(Becc.) Becc. ex Arcang
The titan arum's inflorescence is not as large as that of the talipot palm, Corypha umbraculifera, but the inflorescence of the talipot palm is branched rather than unbranched.
Due to its odor, which is like the smell of a decomposing animal, the titan arum is called a 'carrion flower', or 'corpse flower', or 'corpse plant'. For the same reason, the name 'corpse flower' is also used for the genus Rafflesia which, like the titan arum, grows in the rainforests of Sumatra. The function of the smell is to attract insect pollinators.
Both male and female flowers grow in the same inflorescence. The female flowers open first, and only lasts (or is "receptive") about 12 to 24 hours. Then a day or two following, the male flowers open. This usually prevents the flower from self-pollinating.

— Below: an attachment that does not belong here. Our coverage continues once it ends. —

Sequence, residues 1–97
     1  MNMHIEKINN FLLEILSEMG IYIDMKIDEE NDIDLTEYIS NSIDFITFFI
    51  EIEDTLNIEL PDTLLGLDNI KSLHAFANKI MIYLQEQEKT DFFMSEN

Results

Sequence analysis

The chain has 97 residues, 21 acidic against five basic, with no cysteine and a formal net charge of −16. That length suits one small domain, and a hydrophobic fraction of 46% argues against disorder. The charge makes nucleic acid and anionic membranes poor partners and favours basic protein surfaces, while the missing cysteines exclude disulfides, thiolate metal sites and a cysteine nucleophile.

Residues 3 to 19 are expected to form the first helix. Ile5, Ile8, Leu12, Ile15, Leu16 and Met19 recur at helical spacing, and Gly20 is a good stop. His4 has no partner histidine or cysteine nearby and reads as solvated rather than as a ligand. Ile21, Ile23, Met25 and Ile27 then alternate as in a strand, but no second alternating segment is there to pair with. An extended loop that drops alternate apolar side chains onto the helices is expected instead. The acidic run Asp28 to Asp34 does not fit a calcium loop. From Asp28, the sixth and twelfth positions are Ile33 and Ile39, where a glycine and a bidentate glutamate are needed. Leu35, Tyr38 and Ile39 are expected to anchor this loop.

The popular name "titan arum" was invented by the broadcaster and naturalist Sir David Attenborough for his BBC series The Private Life of Plants, in which the flowering and pollination of the plant were filmed for the first time. Attenborough felt that calling the plant Amorphophallus on a popular TV documentary would be inappropriate.
References[change | change source]
- from Ancient Greek amorphos, "without form, misshapen" + phallos, "phallus", and titan, "giant"
- Indonesian: bunga bangkai – bunga means flower, while bangkai can be translated as corpse, cadaver, or carrion.
- The insects are carrion-eating beetles and flesh flies (family Sarcophagidae).
- "David Attenborough: a wild life". London: Telegraph. 2008-01-05. Retrieved 2013-02-16.
- Tallest bloom. Guinness World Records.
- Koziol, J. 2010. "Corpse flower" makes Guinness record. Fosters, September 24, 2010.